Real world uses for linear functions include solving problems and finding unknowns in engineering, economics and finances. A linear function describes a gradual rate of change, either positive or negative. When drawn, it presents a straight line.
Continue ReadingLinear functions are a mathematical concept often taught first in an Algebra I class. Specific real world problems that can be solved using a linear function include:
Some real world examples with corresponding linear functions are:
Mathematical functions are derived for the purpose of describing a set of unknown values the occur in everyday life. Physics is perhaps the best coursework to illuminate how functions can play an intimate role in even the most unlikely of events. The equation x = vt + 1/2at^2 not only describes motion, but it also covers a wide array of subjects relating to growth.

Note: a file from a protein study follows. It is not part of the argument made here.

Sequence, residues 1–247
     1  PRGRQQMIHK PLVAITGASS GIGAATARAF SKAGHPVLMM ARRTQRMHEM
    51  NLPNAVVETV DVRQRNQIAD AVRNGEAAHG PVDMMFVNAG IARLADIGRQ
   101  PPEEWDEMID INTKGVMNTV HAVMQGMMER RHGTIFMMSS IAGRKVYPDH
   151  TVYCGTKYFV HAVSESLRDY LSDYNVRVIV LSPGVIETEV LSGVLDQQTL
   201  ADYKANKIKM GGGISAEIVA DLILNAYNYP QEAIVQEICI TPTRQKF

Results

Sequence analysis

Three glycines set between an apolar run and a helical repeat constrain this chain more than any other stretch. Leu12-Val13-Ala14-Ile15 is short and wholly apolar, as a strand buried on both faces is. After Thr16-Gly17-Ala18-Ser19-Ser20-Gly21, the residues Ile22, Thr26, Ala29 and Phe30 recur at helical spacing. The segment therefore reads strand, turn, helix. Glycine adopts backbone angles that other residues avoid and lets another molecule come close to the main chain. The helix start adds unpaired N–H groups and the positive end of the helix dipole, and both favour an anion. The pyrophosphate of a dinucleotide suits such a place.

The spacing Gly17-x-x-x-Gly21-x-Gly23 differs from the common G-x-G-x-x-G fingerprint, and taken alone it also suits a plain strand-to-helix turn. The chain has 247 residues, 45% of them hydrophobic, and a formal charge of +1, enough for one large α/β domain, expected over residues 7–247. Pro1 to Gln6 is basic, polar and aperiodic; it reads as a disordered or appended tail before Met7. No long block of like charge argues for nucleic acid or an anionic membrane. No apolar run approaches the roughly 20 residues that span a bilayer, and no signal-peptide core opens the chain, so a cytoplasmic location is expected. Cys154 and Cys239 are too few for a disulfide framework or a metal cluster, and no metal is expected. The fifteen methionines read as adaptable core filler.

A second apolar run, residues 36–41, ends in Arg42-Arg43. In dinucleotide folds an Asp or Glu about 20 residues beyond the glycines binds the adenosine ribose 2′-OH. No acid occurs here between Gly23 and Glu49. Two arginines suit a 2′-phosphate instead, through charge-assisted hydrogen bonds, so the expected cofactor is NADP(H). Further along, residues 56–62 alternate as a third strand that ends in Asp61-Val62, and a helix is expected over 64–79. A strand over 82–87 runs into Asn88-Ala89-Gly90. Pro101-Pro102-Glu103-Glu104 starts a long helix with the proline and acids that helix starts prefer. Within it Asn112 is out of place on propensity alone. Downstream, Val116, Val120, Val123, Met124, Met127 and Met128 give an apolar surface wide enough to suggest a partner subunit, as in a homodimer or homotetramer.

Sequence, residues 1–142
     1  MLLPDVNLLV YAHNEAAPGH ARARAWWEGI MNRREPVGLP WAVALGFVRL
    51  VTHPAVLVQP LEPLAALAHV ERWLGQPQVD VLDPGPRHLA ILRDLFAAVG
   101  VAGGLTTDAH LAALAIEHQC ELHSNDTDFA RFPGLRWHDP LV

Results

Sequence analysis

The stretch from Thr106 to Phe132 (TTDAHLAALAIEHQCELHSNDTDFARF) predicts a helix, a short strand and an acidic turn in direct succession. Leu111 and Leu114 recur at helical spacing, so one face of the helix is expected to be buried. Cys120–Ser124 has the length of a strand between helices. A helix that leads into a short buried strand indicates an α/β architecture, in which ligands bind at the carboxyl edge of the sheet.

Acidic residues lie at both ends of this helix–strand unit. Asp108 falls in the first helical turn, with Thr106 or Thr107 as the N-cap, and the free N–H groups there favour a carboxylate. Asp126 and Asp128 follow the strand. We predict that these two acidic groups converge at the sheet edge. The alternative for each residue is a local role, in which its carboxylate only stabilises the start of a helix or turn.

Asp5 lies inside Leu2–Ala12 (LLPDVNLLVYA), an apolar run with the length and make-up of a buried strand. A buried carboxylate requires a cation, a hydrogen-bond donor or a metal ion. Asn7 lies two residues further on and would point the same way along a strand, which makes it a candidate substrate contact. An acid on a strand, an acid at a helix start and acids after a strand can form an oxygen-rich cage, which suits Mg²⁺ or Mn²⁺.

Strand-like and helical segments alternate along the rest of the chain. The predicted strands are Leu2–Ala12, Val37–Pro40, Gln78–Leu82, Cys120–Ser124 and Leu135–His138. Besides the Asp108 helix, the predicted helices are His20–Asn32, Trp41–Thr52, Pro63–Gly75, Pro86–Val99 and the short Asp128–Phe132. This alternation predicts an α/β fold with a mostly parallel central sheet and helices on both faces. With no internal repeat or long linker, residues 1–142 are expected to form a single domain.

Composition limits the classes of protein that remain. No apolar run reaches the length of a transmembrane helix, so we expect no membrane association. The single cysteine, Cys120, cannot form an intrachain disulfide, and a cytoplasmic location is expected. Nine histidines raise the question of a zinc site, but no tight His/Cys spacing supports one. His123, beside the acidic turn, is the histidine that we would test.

Full Answer >Real-life examples of linear equations include distance and rate problems, pricing problems, calculating dimensions and mixing different percentages of solutions. One application of linear equations is illustrated in finding the time it takes for two cars moving toward each other at different speeds to reach the same point. Another example is estimating how much a shirt on sale for $20 and marked down by 35 percent cost before the sale.
Full Answer >Algebra has its beginning in the cultures of ancient Egypt and Babylonia between 1800 and 1600 B.C. Mathematicians of the time could solve for unknowns, but only used positive numbers. Their mathematics involved the use of few symbols and is called rhetorical algebra.
Full Answer >Matrices are studied in linear algebra. One of their applications is the simple solution of systems of linear equations. An inverse matrix, when it exists, solves these systems through either the mathematics of manipulating these matrices or through numerical analysis by a software program, such as Matlab.
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